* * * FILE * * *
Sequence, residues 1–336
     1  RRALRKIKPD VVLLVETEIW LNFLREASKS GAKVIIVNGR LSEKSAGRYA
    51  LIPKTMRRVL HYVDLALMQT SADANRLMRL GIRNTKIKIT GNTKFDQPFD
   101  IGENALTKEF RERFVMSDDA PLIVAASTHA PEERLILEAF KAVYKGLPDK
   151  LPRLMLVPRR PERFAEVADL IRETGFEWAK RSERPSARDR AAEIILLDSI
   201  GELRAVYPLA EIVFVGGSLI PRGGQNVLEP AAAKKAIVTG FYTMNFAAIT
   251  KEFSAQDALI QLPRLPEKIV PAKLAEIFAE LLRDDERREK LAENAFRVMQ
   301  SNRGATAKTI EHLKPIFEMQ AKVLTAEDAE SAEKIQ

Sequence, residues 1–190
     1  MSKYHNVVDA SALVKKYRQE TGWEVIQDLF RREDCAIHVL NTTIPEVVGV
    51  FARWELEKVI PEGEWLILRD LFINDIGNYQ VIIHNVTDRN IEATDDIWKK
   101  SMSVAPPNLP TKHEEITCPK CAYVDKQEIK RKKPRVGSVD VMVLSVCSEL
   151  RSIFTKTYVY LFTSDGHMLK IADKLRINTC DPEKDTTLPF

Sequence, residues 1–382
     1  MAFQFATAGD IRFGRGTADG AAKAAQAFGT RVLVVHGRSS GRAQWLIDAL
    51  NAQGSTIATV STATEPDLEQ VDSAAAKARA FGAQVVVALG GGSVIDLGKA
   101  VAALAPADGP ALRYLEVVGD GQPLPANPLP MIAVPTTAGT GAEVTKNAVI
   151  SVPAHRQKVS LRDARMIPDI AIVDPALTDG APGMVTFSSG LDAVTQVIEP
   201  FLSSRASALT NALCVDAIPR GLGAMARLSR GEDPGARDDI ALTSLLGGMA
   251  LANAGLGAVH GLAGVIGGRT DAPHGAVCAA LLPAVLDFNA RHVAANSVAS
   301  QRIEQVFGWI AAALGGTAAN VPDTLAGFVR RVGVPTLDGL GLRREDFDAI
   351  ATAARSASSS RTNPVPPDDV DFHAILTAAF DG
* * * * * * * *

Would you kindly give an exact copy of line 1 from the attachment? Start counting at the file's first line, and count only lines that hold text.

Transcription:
Sequence, residues 1–336